In the early sixties, testing of children with intellectual disabilities revealed that they were only half as physically fit as their non-disabled peers. It was assumed that their low fitness levels were a direct result of intellectual disabilities. A Toronto researcher and professor, Dr. Frank Hayden, questioned this assumption. Working with a control group of children on an intense fitness program, he demonstrated that, given the opportunity, people with intellectual disabilities could become physically fit and acquire the physical skills necessary to participate in sport. His research proved that low levels of fitness and lack of motor skills development in people with intellectual disabilities were a result of nothing more than a sedentary life style. In other words, their intellectual disabilities resulted in their exclusion from the kinds of physical activity and sports experience readily available to other children.
Inspired by his discoveries, Dr. Hayden began searching for ways to develop a national sports program for people with intellectual disabilities. It was a goal he eventually achieved, albeit not in Canada. His work came to the attention of Eunice Kennedy Shriver and the Kennedy Foundation in Washington, D.C., and led to the creation of Special Olympics. The first sports competitions organized under the Special Olympics banner were held at Soldiers’s Field in Chicago in 1968. To ensure that Canada was represented, Dr. Hayden called on an old friend, Harry “Red” Foster.
The late Harry “Red” Foster was an outstanding sportsman, a famous broadcaster, a successful businessman and a humanitarian whose tireless work on behalf of people with an intellectual disability had already brought him international acclaim. Inspired by his mother’s devotion to his younger brother, who was both blind and intellectually disabled, Mr. Foster began early in his career to devote much of his time, energy and wealth to addressing the problems faced by individuals with an intellectual disability and their families.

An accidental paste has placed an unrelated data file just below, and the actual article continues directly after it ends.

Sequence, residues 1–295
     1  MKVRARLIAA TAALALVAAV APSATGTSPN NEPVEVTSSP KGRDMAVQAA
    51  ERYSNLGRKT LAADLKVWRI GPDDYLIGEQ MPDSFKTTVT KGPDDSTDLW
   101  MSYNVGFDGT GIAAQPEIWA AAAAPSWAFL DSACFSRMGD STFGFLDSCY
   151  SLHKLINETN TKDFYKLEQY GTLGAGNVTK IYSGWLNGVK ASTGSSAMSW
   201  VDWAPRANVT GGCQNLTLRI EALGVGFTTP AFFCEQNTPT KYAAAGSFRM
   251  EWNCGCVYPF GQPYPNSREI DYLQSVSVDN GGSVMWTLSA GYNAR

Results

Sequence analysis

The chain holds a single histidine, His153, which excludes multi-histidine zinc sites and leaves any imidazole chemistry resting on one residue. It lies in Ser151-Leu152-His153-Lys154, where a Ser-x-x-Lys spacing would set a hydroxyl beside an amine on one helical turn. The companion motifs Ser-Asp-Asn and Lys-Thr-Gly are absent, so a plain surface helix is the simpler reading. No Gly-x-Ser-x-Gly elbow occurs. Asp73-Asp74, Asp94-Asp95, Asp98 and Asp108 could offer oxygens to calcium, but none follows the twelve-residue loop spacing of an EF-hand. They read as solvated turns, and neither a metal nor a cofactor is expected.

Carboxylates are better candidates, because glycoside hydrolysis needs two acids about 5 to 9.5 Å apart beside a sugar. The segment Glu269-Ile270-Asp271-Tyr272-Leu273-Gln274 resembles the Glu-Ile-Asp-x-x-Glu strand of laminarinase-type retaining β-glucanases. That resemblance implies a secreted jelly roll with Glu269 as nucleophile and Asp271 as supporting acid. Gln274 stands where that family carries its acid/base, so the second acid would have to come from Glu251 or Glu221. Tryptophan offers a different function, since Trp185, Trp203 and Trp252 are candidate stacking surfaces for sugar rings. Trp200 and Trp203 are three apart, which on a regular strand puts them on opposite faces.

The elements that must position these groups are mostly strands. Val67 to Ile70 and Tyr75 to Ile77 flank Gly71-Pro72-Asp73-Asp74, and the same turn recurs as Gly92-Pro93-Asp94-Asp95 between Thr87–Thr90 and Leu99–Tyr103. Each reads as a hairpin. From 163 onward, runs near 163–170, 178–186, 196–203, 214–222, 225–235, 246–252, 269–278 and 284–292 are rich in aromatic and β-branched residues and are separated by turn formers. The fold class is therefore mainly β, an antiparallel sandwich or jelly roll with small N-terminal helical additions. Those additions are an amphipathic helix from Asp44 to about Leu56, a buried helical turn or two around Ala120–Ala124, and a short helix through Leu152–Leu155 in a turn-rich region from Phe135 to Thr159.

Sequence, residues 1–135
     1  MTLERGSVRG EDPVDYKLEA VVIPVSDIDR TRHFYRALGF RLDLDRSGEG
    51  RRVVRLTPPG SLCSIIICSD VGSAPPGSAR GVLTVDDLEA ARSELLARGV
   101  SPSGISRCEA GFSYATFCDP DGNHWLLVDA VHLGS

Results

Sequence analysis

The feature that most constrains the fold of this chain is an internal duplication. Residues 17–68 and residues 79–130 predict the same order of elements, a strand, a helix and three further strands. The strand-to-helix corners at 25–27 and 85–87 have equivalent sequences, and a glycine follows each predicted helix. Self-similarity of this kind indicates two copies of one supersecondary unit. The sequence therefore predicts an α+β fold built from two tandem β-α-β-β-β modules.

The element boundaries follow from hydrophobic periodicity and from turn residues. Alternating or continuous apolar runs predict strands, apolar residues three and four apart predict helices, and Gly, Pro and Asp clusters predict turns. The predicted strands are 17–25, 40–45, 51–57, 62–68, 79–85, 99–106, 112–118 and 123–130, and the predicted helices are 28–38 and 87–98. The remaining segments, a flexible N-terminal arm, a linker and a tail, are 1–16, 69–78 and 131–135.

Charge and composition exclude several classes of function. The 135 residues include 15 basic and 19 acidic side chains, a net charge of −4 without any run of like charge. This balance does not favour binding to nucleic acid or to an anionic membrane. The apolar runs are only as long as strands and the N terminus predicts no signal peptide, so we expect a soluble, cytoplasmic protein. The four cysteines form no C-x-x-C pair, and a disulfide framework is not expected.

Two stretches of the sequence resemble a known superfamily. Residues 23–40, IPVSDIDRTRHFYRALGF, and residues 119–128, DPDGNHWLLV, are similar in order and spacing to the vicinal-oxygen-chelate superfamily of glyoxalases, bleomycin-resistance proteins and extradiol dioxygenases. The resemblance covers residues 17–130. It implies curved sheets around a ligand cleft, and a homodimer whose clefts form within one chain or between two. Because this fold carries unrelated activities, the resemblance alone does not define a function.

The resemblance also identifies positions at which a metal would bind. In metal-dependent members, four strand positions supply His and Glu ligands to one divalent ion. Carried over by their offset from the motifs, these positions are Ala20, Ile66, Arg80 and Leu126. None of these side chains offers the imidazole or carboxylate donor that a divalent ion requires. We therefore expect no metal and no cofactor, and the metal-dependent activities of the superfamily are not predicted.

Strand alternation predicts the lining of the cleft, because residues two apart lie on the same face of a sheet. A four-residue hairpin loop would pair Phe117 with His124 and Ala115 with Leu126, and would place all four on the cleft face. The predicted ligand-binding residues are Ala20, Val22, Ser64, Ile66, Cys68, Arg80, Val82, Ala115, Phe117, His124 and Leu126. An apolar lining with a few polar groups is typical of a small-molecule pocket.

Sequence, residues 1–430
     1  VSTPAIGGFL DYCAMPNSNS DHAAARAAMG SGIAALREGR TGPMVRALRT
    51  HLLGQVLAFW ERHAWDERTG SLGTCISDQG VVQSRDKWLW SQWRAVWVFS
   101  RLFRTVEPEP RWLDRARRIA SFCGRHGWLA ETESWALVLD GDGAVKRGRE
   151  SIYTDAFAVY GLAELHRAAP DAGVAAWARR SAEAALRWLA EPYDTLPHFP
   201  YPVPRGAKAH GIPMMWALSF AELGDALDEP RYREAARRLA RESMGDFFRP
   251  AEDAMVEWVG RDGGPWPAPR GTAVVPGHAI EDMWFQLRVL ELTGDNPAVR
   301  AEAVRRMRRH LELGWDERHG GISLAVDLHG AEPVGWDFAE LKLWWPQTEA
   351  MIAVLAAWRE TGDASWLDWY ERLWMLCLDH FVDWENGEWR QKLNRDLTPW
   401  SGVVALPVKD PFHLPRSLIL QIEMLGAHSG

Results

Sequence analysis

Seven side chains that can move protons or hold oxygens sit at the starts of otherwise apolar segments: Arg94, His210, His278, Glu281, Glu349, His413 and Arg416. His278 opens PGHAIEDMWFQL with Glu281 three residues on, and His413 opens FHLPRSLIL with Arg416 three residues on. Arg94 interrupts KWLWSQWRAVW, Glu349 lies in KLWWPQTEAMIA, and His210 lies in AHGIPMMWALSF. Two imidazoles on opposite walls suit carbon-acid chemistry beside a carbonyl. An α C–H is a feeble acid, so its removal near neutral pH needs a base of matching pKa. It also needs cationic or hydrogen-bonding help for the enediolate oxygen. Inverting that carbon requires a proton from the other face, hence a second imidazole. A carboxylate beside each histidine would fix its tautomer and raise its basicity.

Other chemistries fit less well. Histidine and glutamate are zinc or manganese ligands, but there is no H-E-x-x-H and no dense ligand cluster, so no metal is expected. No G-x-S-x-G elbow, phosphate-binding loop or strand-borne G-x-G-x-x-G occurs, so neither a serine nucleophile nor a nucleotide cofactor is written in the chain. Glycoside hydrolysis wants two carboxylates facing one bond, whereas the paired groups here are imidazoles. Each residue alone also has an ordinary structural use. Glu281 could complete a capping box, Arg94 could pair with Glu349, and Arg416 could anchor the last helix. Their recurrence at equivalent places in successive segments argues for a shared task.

Accompanying a floor hockey team from Toronto to those first Games in Chicago, “Red” was quick to see in Special Olympics a further opportunity to enhance the lives of Canadians with an intellectual disability. Upon returning to Canada he set about laying the foundation for the Special Olympics movement. The following summer, 1969, the first Special Olympics Canada event was held in Toronto. From that modest beginning, the Special Olympics movement quickly spread across the country and grew into the national sports organization it is today.
In 1985 the Automobile Dealers of Newfoundland and Labrador began their quest to bring Special Olympics to Newfoundland and Labrador. Many people agreed that Special Olympics was a great program, but until that point the right mix of people had not been assembled to allow the program to take a foothold.
That all changed when Sam Walters from RBC was approached. Sam had the right mix of corporate experience and contacts, as well as the ability to galvanize a passionate group of volunteers. Of course it was more than just Sam that made Special Olympics a reality; there was a core group of volunteers around him who were primary drivers in those early years.
That core group, led by the program’s first coaches Helen Bidgood and Kimberley Bowe went on to take four athletes (Bernadette Beehan, Jimmy Hunt, Sheilagh Murray and Margaret Rahal) to the 1986 National Games in Calgary, Alberta and eventually qualify one athlete (Bernadette), to compete at the World Games in 1987 in Southbend, Indiana. Following the National Games in December of 1986 the Newfoundland and Labrador chapter of Special Olympics was officially incorporated. Since those humble beginnings, the organization has grown to reach over five hundred athletes and 250 volunteers in twenty-five different communities across the province.